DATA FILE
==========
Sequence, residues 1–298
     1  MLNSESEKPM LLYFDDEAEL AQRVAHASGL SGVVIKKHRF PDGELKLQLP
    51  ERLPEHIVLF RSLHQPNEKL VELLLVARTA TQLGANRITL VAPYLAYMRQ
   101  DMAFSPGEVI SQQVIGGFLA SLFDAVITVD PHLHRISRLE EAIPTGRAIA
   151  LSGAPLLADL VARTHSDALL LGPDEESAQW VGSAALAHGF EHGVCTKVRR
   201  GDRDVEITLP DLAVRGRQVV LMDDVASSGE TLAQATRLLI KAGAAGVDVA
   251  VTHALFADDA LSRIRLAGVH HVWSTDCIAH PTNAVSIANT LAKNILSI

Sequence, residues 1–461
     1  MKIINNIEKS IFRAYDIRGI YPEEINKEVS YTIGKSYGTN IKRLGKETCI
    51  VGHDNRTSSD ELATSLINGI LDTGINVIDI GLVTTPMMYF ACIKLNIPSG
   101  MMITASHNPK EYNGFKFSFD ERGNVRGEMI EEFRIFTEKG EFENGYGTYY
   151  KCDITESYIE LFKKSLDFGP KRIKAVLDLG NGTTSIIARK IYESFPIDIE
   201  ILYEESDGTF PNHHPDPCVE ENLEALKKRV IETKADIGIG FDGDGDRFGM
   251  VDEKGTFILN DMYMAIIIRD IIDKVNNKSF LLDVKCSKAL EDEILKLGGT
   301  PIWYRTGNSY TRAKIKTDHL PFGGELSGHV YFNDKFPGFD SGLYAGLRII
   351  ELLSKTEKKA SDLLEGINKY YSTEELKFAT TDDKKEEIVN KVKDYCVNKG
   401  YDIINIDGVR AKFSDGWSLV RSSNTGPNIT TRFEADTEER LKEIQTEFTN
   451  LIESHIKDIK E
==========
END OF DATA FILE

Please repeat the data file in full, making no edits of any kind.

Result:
Sequence, residues 1–298
     1  MLNSESEKPM LLYFDDEAEL AQRVAHASGL SGVVIKKHRF PDGELKLQLP
    51  ERLPEHIVLF RSLHQPNEKL VELLLVARTA TQLGANRITL VAPYLAYMRQ
   101  DMAFSPGEVI SQQVIGGFLA SLFDAVITVD PHLHRISRLE EAIPTGRAIA
   151  LSGAPLLADL VARTHSDALL LGPDEESAQW VGSAALAHGF EHGVCTKVRR
   201  GDRDVEITLP DLAVRGRQVV LMDDVASSGE TLAQATRLLI KAGAAGVDVA
   251  VTHALFADDA LSRIRLAGVH HVWSTDCIAH PTNAVSIANT LAKNILSI

Sequence, residues 1–461
     1  MKIINNIEKS IFRAYDIRGI YPEEINKEVS YTIGKSYGTN IKRLGKETCI
    51  VGHDNRTSSD ELATSLINGI LDTGINVIDI GLVTTPMMYF ACIKLNIPSG
   101  MMITASHNPK EYNGFKFSFD ERGNVRGEMI EEFRIFTEKG EFENGYGTYY
   151  KCDITESYIE LFKKSLDFGP KRIKAVLDLG NGTTSIIARK IYESFPIDIE
   201  ILYEESDGTF PNHHPDPCVE ENLEALKKRV IETKADIGIG FDGDGDRFGM
   251  VDEKGTFILN DMYMAIIIRD IIDKVNNKSF LLDVKCSKAL EDEILKLGGT
   301  PIWYRTGNSY TRAKIKTDHL PFGGELSGHV YFNDKFPGFD SGLYAGLRII
   351  ELLSKTEKKA SDLLEGINKY YSTEELKFAT TDDKKEEIVN KVKDYCVNKG
   401  YDIINIDGVR AKFSDGWSLV RSSNTGPNIT TRFEADTEER LKEIQTEFTN
   451  LIESHIKDIK E